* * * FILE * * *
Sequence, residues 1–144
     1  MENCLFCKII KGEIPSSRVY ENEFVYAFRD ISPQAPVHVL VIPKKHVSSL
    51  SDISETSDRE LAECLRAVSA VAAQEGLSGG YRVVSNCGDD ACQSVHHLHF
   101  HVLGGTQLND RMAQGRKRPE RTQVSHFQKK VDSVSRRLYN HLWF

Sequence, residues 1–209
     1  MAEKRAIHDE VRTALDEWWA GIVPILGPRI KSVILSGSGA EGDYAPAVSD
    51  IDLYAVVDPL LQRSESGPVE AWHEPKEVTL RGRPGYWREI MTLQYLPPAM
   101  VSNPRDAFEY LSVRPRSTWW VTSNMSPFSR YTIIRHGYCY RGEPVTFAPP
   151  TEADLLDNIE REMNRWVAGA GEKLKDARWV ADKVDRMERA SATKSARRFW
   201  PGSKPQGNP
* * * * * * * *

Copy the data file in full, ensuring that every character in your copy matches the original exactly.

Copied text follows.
Sequence, residues 1–144
     1  MENCLFCKII KGEIPSSRVY ENEFVYAFRD ISPQAPVHVL VIPKKHVSSL
    51  SDISETSDRE LAECLRAVSA VAAQEGLSGG YRVVSNCGDD ACQSVHHLHF
   101  HVLGGTQLND RMAQGRKRPE RTQVSHFQKK VDSVSRRLYN HLWF

Sequence, residues 1–209
     1  MAEKRAIHDE VRTALDEWWA GIVPILGPRI KSVILSGSGA EGDYAPAVSD
    51  IDLYAVVDPL LQRSESGPVE AWHEPKEVTL RGRPGYWREI MTLQYLPPAM
   101  VSNPRDAFEY LSVRPRSTWW VTSNMSPFSR YTIIRHGYCY RGEPVTFAPP
   151  TEADLLDNIE REMNRWVAGA GEKLKDARWV ADKVDRMERA SATKSARRFW
   201  PGSKPQGNP